Sunday, January 10, 2010

Debunking some fallacies about cycling

According to a few (or many?) non-cyclists out there cycling is dangerous, a drain on our economy, and bad for business. Though I can name off all the benefits to cycling I want to look at some of the common “facts” that are hurled at against cycling.

Cyclists should ride on the sidewalk not the road.

It’s called a sidewalk and not a sidebike for a reason. Under the Ontario Highway Traffic Act bicycles are vehicles and must ride on the road. In addition, Studies have shown it’s safer to ride on the road rather than on the sidewalk. By having a cyclist ride on the sidewalk they increase their chances of being involved in a collision with a vehicle or a pedestrian (and why should we pass the burden of risk to pedestrians?).

Cyclists don’t deserve to be on the road because they don’t pay taxes.

Everyone pays taxes. Income taxes, taxes on goods/services, property taxes, etc. I don’t see how cyclists are able to avoid paying them (do cyclists have a tax exemption card?). Besides, municipal roads are paid for through municipal revenues which come from property taxes. Gas taxes, vehicle registration taxes, and parking tickets do NOT pay for roads. Though 2 cents per litre in Ontario will go to road repair/construction, which can easily be considered revenue neutral (‘ish) to pay for road damages caused by cars. Roads are public, are paid for and used by everyone regardless of what mode of transportation they use.

Cyclists ignore the law, they don’t deserve any rights.

Yes, I will admit that there are cyclists that ignore the rules of the roads to the dismay of drivers and real cyclists alike. However, cyclists are NOT the only one known for ignoring the rules of the road; drivers and pedestrians are just as guilty. Now it’s easy for anyone to claim that one type of road user is worse at it, for example: drivers never check blind spots when they turn, they speed, run red lights, park in bike lanes, etc. Cyclists on the other hand run red lights and stop signs, ride on the sidewalk/street whenever it’s convenient, don’t signal when turning, etc. Though this is what some drivers and some cyclists do this is not true for the rest of them. It is an over-generalization.

Cyclists shouldn’t be on the roads because they are slow and clog up the streets.

Compared to a vehicle a bike is slow, however, if you pit the bike in a downtown city versus a car and have both travel somewhere within 5 miles or less, chances are the bike will win. Bikes have the bonus of being able to bypass idling vehicles at intersections and are sometimes exempt from turning restrictions on roads (or they can walk their bike across the intersection to make a left turn where vehicles normally would not be allowed to).

A bike only occupies a fraction of the space in a lane than a car would and in most cases a car and bike can fit in a lane safely. One bike on the road means one less car. This means that there will be one less car contributing to grid lock, one less car in your way so you can make that yellow light at an intersection, one less car taking up the few parking spots downtown, one less car slowing you down on the road.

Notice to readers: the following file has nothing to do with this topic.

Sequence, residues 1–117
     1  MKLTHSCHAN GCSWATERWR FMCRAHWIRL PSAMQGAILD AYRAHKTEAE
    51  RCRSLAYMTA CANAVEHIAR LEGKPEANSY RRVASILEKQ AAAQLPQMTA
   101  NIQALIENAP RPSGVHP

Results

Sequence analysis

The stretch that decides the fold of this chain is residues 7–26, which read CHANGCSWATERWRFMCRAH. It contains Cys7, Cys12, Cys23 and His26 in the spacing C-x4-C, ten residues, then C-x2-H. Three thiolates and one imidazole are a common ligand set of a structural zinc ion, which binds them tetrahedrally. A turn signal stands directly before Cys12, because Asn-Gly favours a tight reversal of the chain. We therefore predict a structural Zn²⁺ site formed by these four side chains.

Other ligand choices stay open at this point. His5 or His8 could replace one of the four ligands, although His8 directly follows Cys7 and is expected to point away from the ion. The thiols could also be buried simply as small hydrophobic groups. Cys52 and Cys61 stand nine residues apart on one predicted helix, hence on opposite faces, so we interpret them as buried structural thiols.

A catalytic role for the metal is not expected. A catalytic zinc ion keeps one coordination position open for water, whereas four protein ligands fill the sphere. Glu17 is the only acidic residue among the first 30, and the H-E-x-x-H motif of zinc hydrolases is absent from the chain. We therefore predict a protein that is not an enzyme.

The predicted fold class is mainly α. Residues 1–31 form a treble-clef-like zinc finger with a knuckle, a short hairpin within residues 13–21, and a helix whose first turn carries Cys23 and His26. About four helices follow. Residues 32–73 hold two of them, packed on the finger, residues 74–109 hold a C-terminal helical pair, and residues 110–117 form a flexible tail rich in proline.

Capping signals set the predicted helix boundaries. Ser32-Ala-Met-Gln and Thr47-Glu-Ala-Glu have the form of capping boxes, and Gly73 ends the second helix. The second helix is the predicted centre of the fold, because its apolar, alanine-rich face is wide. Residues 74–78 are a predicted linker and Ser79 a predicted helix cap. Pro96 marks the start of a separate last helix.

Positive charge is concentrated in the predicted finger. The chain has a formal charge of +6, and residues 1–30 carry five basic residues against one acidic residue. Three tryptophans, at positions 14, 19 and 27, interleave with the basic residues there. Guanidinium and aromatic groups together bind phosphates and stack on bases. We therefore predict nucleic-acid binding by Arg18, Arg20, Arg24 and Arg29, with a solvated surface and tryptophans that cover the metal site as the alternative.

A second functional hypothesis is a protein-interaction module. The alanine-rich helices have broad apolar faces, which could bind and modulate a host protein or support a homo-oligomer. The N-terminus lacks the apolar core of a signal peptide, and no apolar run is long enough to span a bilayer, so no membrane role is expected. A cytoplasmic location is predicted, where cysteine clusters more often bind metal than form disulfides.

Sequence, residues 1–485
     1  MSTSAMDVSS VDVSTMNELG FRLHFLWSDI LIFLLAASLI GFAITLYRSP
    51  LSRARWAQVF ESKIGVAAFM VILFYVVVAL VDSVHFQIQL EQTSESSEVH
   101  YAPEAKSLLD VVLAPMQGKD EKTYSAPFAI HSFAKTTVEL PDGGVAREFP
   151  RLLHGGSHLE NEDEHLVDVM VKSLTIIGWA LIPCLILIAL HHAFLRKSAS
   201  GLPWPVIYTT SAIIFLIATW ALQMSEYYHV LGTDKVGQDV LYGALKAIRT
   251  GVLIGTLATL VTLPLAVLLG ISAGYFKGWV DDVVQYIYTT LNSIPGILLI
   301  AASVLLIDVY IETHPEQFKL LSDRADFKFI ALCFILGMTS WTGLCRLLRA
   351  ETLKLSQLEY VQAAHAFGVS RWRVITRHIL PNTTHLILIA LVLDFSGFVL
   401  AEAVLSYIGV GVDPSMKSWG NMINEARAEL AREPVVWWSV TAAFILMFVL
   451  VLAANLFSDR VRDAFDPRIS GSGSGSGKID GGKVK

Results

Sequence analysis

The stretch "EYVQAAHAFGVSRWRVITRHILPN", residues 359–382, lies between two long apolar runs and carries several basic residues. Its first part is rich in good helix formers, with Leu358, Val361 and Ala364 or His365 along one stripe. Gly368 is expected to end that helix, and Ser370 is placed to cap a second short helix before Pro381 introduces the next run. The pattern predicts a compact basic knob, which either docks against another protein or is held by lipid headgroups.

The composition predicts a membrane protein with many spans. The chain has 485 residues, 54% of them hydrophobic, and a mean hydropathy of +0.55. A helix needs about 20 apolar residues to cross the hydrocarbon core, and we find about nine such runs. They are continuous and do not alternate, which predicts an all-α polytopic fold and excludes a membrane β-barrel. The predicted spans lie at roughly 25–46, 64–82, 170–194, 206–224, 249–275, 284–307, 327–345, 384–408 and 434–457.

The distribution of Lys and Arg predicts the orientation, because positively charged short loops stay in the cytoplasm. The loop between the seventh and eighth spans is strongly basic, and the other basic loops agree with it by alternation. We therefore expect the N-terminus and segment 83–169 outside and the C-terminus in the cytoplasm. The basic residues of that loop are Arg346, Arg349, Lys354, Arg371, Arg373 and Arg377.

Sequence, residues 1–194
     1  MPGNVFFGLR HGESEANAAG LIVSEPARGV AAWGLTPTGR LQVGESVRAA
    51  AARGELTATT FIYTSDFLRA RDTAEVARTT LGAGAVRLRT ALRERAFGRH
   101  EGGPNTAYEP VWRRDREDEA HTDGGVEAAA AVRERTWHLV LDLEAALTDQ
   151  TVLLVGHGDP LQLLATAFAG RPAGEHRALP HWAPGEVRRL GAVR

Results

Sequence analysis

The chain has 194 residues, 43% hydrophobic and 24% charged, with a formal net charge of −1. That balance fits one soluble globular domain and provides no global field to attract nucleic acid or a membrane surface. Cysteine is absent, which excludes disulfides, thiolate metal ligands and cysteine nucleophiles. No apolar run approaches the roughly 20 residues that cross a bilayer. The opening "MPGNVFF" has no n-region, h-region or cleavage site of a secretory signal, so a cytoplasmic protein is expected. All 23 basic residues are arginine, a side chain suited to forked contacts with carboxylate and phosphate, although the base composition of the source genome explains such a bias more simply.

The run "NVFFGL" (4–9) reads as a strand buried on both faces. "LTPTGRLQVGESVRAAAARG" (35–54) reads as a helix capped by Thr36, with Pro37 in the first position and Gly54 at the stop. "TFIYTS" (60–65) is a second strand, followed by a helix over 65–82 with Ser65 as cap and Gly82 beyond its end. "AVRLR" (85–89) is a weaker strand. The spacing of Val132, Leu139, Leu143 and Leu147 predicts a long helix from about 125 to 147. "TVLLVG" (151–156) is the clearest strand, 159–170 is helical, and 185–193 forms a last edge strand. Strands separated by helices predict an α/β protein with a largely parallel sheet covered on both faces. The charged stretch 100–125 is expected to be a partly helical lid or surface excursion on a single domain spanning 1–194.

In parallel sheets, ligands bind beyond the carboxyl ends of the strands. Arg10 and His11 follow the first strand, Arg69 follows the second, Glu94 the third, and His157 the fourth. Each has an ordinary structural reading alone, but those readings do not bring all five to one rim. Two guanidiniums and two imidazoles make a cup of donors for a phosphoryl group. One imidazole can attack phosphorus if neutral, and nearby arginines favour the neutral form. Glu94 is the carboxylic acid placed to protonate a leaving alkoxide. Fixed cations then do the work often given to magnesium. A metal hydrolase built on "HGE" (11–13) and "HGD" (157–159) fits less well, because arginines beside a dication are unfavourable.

Cycling in the winter is crazy and should be banned.

A lot of fears and negative expectations of riding in the winter are quite silly. If anything, I would say most common winter activities are crazy. How is bombing down a hill wearing pieces of wood while carrying pointy sticks with obstacles in your way considered a normal winter activity? How can one justify strapping on metal blades on their feet and go gliding across a rink of ice wielding a stick while bashing others? How is it that operating a human-powered vehicle equipped with brakes, steering mechanism and rubber tyres for traction is crazy? I also have to ask, how many cycling deaths were in some way the result of winter conditions? I think in the past 5 years we've only had 1 and it was out in Quebec.

Cyclists are always at fault when they are involved in a collision.

Cyclists are not as protected from collisions as drivers are; they have no air-bags, seatbelts, or metal cage to protect them so it’s only natural for them to develop an understanding of the risks of careless riding. That being said, a study by the UK government concluded that careless cycling were the result of only 2% of serious injury with another vehicle and there are several other sources from many other countries that back similar findings.

Cycling is not the answer to solving climate change/congestion/whatever other issue.

I can agree with this statement. It is unfeasible to think that the future of transportation lies in cycling; people with mobility issues are at a disadvantage and so those who need to transport very heavy goods across long distances. I do, however, believe that it is part of the solution. Our transportation needs cannot be met by cars alone, nor can it be met by buses, LRT, or subways alone. To use the idiom “Don’t put all your eggs in one basket”, we must realize that we have to diversify our transportation options and integrate them together to reduce congestion and our dependency on cars. So bikes may not be the answer, but they are certainly part of it.

I feel like this post is like preaching to the choir since only cyclists would read cycling blogs and chances are they already know this stuff.

In case anybody asks for sources:

1 comment:

BikeBerryJam said...

"I feel like this post is like preaching to the choir since only cyclists would read cycling blogs and chances are they already know this stuff. "
Haha I was thinking this as soon as I started reading it. Still, a well written post.